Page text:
With the UK edging towards the end of lockdown, we are all eager to make plans and get the most out of our renewed freedom. But before you rush off to buy festival or theatre tickets, you should check whether you’re dealing with a scammer.
Fraudsters also have a plan for those who are happy in the comfort of their own home, creating a fake promotion to win a PlayStation 5.
We provide more details of both scams in this blog, along with a new – albeit familiar – con involving a fake security notice from your bank.
Action Fraud warns of tickets scams as lockdown eases
Over the next few months, theme parks, zoos, theatres and festivals will be reopening. But before you start making plans, you must be careful that you’re using a legitimate service.
Action Fraud has warned that cyber criminals are creating fake tickets. It received 216 reports of ticket fraud in February, with victims losing £272,300.
That number of scams is expected to increase as more events are confirmed in the coming weeks.
To protect yourself, Action Fraud recommends only purchasing tickets from the venue’s box office, official promoter or agent, or a well-known and reputable ticket site.
You should also avoid paying for tickets by bank transfer, with credit card payments and services such as PayPal offering greater protection against fraud.
Additionally, you should be wary of unsolicited emails, texts or adverts – particularly if they offer suspiciously good deals – and check whether the vendor is a member of STAR (Society of Ticket Agents and Retailers).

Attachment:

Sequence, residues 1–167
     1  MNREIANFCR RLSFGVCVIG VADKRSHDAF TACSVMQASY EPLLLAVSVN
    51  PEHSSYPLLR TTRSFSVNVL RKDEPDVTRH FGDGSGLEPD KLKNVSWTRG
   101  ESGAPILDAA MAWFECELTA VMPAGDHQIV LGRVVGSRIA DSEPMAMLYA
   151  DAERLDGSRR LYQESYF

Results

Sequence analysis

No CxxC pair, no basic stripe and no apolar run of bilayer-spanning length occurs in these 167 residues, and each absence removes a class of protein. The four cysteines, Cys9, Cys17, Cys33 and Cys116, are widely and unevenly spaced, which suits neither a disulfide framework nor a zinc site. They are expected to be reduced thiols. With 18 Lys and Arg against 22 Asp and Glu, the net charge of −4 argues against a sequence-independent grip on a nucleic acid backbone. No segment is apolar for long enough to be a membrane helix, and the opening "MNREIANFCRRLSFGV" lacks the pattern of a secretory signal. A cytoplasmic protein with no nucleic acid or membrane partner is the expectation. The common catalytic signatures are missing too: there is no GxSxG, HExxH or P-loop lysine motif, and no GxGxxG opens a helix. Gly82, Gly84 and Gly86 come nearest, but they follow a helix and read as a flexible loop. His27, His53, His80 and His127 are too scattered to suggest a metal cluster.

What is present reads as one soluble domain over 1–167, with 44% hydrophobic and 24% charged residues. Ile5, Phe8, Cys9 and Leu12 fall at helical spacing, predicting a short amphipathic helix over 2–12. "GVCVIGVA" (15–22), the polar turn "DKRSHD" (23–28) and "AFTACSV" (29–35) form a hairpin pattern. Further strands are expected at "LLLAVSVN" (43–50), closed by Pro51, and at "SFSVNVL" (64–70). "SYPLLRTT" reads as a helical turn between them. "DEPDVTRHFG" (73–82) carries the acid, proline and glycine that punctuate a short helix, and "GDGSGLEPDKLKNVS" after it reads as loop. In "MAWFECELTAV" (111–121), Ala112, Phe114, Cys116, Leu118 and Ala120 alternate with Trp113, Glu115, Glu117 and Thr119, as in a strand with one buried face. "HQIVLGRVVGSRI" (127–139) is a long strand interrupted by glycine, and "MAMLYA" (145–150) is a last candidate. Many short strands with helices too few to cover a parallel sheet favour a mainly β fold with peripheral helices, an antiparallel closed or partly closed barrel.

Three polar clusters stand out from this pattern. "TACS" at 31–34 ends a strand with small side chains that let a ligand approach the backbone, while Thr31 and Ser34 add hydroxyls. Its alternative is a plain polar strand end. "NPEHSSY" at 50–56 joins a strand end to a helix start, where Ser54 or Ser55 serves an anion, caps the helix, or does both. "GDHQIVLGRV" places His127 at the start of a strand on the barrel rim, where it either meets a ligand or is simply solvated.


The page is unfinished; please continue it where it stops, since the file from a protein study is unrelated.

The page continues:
Scammers are using fake PlayStation 5 giveaway as a lure
Researchers at Kaspersky have spotted a scam that offers recipients the chance to win a PlayStation 5 if they supply their personal and financial details.
It’s been almost impossible for people to get their hands on the console since its release in November, due to supply shortages and delays caused by COVID-19, so you can understand why people might be tempted by the contest.
The scam is also designed in such a way to get victims to ignore red flags. At each stage of the competition, the recipient is led to believe that they are closer to their prize and are asked to hand over just a little more information.
By the final stage, when they’re asked to hand over their financial details, many people will have convinced themselves that they can’t come this far only to back out now.
However, as with so many things, if it seems too good to be true, it probably is.
Britons warned about scams text imitating banks
Fraudsters have been spoofing several UK banks in a series of text scams designed to steal people’s sensitive data, the CTSI (Chartered Trading Standards Institute) has found.
Barclays, Halifax, HSBC and Lloyds Bank have all been imitated, with attackers requesting that recipients follow a link to confirm a payment made from a new device.
Katherine Hart, a lead officer at CTSI, said: “I am witnessing so many reports of this scam; indeed, I have received multiple versions of it on my phone.
“The public is very vulnerable to this type of fraud, especially when more people rely on online payments.
“Fraudsters change the form and methods of their scams to match shifting consumer behaviour.
“The surge in online shopping and payments means that the public must be more vigilant when making online payments and receiving messages claiming to be from their bank.
“If you receive a suspicious text like this, please contact your bank directly and verify with them.”
Can you spot a scam?
Make sure your staff know how to identify and avoid scams with our Phishing Staff Awareness Training Programme.
This 45-minute course uses examples like the ones above to explain how phishing works, what to look out for and the steps you should take to avoid falling victim.